The new terminal is used mainly by Air China and its domestic and international partners but is also used by Sichuan Airlines Shandong Airlines, Qatar Airways, Qantas Airways, British Airways, Emirates, Air Canada, El Israel Airlines, Air China, Lufthansa, Singapore Airlines and members of the Star Alliance. Web Sites Beijing Airport site , Wikipedia

New airport train

Airport Transportation in Beijing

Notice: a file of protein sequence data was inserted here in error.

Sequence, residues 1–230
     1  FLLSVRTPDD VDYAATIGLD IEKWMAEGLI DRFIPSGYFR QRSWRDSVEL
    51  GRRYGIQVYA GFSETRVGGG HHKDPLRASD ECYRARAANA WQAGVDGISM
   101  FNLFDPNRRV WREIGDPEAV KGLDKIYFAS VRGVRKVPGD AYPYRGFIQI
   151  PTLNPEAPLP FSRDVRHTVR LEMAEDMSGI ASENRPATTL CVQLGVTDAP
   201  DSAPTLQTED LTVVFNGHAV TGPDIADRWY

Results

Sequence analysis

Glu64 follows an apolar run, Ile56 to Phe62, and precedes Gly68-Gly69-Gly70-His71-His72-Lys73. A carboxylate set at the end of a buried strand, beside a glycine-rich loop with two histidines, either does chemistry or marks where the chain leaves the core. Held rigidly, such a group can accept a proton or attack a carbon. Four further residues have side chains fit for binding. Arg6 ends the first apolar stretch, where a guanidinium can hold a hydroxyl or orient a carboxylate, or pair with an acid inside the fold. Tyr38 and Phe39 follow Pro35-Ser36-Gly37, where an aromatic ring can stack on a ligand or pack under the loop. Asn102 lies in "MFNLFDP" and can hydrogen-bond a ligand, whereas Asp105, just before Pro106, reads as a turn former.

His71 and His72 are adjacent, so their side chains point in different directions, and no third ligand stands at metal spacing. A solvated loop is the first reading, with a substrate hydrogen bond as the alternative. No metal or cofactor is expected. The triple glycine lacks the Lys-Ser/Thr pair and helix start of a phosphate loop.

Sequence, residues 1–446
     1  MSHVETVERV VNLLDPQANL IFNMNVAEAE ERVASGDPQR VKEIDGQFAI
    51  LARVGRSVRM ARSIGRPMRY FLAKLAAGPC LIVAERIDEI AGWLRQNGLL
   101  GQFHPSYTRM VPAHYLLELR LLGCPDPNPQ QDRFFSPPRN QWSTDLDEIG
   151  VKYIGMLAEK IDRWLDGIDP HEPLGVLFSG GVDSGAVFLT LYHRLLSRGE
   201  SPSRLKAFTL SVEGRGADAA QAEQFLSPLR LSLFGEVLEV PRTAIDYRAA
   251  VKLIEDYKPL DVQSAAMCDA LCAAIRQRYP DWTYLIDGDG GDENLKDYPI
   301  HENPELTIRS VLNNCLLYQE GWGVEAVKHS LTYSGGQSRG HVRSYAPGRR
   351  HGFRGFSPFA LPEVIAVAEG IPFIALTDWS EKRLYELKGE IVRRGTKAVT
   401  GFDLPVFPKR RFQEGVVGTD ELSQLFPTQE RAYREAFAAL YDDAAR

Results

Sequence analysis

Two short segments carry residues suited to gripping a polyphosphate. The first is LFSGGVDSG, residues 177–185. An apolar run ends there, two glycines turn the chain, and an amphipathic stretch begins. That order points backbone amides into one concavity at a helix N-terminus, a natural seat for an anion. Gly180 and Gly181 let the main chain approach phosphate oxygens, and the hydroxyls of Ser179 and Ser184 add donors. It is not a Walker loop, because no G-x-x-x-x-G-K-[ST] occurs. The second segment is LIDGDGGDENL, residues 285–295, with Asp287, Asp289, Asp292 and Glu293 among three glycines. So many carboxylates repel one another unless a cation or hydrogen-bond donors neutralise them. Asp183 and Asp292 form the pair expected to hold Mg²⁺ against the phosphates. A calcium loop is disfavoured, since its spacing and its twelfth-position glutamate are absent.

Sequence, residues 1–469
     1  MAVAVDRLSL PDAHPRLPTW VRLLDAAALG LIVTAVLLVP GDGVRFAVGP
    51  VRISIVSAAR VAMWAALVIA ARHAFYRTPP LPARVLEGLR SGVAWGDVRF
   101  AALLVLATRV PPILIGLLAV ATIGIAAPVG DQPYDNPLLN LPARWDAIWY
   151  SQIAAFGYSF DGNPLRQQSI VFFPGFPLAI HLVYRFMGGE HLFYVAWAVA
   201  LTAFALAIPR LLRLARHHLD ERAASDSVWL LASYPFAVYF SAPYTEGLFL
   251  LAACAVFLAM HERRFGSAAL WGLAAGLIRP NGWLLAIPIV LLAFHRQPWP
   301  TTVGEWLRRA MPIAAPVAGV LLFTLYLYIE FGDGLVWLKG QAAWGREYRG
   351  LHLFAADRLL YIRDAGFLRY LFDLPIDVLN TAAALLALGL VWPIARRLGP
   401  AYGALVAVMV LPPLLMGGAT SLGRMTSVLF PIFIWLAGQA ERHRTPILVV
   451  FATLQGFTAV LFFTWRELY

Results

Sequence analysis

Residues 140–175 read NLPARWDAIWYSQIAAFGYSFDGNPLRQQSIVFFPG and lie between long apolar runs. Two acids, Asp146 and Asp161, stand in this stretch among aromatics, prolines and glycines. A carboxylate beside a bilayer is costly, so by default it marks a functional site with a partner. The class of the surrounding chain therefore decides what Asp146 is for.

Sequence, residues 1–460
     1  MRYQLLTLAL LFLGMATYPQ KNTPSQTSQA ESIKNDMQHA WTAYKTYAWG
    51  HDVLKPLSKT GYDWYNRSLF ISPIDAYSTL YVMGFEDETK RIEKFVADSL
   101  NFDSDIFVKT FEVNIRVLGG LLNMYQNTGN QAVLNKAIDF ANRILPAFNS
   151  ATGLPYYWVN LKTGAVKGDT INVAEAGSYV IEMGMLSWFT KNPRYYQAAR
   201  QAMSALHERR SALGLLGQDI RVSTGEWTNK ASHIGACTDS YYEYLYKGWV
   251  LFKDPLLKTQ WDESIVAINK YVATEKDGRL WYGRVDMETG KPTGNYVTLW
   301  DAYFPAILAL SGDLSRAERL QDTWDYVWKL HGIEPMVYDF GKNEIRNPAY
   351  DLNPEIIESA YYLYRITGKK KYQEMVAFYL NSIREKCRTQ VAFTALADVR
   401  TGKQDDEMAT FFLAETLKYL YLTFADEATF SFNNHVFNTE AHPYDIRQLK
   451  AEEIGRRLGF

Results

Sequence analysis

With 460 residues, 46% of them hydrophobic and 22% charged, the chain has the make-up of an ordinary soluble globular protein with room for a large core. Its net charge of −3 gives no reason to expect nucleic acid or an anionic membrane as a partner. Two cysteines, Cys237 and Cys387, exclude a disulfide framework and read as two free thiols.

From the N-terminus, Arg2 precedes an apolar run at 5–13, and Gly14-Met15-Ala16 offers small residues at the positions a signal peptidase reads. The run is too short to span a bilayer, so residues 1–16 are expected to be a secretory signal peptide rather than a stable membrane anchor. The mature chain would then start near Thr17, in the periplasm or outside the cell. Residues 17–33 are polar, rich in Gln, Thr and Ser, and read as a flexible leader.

The Airport Express subway line links the airport and city center. It has only four stops: Dongzhimen, S anyuanqiao, Terminla 1 and Terminal 2. The trip between the airport and Beijing takes less than 30 minutes. They operate ebetween about ^:30am and 10:30pm. The fare is about US$15. Free shuttles provide transport between terminals from 6:00am to 10:00pm. Buses serve routes to city center and many districts. They leave every 10 minutes from 8:00am to 8:00pm; every 20 minutes other times. Airport Shuttle Services provides transport to city on several routes. They leave every 10-30 minutes. They also serve routes to major cities in nearby provinces. Information on routes is available from Airport Shuttle Services Hotline: 010-64594375/76.